Duffy vs. Westlund: Where they stand and what they’ve learned
Voters in Wisconsin’s Seventh Congressional District will choose Nov. 4 between Sean Duffy, the Republican who has represented the district for one term and Kelly Westlund, a Democrat, businesswoman and former Ashland City Council member.
Here are the candidates’ responses to two questions:
What are the most important issues in your race, and how do you plan to address them?
Duffy: Jobs and the economy remain the number one issue on the minds of the 7th District’s hardworking middle class families. Northern Wisconsin is a great place to live, and we need to ensure that there are opportunities for good paying jobs that will keep Wisconsin families here.
I have seven children and want them to have the same opportunity that I did, to raise their families in Wisconsin, not in some other state. We need to create an environment that encourages growth by reducing overbearing regulations and tax burdens on our community’s small businesses.
Westlund: As I’ve listened to voters in every corner of the 7th Congressional District, I often heard the same concerns. Working people and middle class families are struggling to get by, but our elected officials are more focused on the needs of their campaign contributors. When I ask people what they’d like to see Congress working on, the most common answer is, “I’d like to see Congress working at all.”
In Congress, I’ll work on policies that help expand the middle class and ensure that no person who works 40 hours a week should live in poverty, that no person should suffer because they can’t afford medical treatment, that every person who’s willing to work has the opportunity to build a secure economic future.
I will work to limit the influence of big money in our political process and make elected officials more accountable to their constituents. I’ll find common ground on issues that matter and build the coalitions that will move our country forward.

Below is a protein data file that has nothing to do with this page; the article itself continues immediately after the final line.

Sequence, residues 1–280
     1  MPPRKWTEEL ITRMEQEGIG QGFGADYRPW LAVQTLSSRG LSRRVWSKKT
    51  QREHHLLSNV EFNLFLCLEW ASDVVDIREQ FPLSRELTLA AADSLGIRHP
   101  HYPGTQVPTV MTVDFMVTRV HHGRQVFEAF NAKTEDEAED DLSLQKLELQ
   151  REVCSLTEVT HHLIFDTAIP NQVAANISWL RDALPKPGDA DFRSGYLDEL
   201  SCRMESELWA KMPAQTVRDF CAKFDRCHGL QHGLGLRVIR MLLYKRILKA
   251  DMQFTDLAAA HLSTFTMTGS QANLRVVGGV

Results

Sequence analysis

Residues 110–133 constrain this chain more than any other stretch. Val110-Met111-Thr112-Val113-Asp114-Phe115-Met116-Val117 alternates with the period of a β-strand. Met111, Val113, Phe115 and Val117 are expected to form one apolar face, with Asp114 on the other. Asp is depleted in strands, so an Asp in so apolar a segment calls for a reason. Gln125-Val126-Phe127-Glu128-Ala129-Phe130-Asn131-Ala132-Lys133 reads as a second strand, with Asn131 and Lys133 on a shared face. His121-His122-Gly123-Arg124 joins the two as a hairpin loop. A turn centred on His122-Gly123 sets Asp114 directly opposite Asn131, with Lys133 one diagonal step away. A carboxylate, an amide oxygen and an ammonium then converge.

How is your experience in the public and private sectors a plus for the job?
Duffy: Both in Congress, and in my prior experiences as a DA, I learned the importance of getting to know people. Often you are faced with people with whom you don’t appear to have much in common on the outset, but when you take the time to have a conversation, you often find that your agreements outnumber your disagreements. That is when you truly learn how to work together.
Neither side may get everything they want, but when you agree on the importance of the larger goal, it makes it easier to put aside smaller differences and actually get something done. I attribute that lesson to my successes prosecuting child sex crimes as well as my ability to get legislation passed in the House of Representatives with overwhelming bipartisan support.
Westlund: My time managing a nonprofit organization and running my own business gave me opportunities to prove myself as a leader while helping rural communities to be more self-reliant. I organized diverse coalitions to address and resolve shared challenges and managed the nuts and bolts required to be successful. I also learned about the tremendous potential opportunities for economic development in northern Wisconsin.
As an elected official, I learned about governance and accountability and saw firsthand how decisions made in Washington and Madison affect rural Wisconsinites. I gained a solid understanding of the impacts my decisions as an elected official have on others and experience in responsible fiscal management that kept costs down and needs met.
The gridlock in Congress is largely the result of partisan bickering, and it doesn’t serve the people of this country. I have a proven track record as a thoughtful leader and coalition builder with an honest interest in addressing the needs of people. Good ideas can come from anywhere, and I will put my country before my party to find the common ground that will expand and protect the middle class.